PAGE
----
Photoshop Redo: Bringing Back a Dutch Colonial's Charm
Traditional siding and a gracious porch restore curb appeal to a 1930s house
"Nothing about the facade stands out," says Aimee Mattiolo of the 1930s Dutch Colonial in East Moriches, New York, that she and her husband, Mike, bought two years ago. "It's sturdy, it's friendly, but it could be so much more." To find out how to give the house that something extra, we consulted architect Charles Roberts of Amherst, Massachusetts.
"Natural materials are often what give old houses their charm," says Roberts, who would trade in the vinyl for stained cedar shingles on the second story and clapboards on the first floor. The mix of siding plays up the house's gambrel roof and shed dormers, while a paint scheme with more contrast highlights the details. Rather than open up the enclosed front porch and lose a sitting room inside, Roberts suggests adding a new porch. Combined with the expanded windows on both levels and bright-blue cottage-style door, it makes the whole facade more inviting.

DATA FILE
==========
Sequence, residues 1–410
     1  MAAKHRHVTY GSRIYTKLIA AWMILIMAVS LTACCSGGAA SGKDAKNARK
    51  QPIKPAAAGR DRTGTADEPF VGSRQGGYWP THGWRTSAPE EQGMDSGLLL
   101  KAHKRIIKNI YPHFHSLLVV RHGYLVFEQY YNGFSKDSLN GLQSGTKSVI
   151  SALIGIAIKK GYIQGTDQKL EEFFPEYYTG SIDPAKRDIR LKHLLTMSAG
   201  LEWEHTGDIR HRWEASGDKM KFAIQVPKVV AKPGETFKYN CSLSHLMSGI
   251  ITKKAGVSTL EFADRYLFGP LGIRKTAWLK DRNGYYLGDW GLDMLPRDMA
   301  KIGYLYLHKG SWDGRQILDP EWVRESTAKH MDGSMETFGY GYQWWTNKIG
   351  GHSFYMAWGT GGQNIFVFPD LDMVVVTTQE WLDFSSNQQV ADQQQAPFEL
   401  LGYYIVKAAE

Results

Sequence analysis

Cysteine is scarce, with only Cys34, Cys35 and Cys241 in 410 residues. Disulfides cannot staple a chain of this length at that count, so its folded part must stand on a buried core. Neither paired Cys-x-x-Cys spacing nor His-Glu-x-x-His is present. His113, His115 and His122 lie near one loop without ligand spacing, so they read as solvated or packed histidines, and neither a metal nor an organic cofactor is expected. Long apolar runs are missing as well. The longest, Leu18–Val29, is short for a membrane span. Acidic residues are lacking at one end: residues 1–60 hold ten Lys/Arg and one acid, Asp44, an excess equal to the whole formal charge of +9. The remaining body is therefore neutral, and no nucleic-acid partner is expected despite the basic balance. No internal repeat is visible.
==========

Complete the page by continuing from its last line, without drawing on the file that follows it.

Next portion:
"I just love the front porch," says Aimee. "The house really looks like a home now."
Side stairs provide a convenient entrance from the driveway.
Flanking the front door with windows dresses up the doorway inside and out.
Farmed mahogany makes a durable, low-maintenance porch floor that will only look better with age.
Stately cedar posts capped with ball finials help draw attention to the front stoop.
Earthy materials and a warm color palette help establish an old-house look.
Refacing the undersize brick chimney adds heft and ties together the facade's mix of hues.
Eldorado Stone; from $6 per square foot.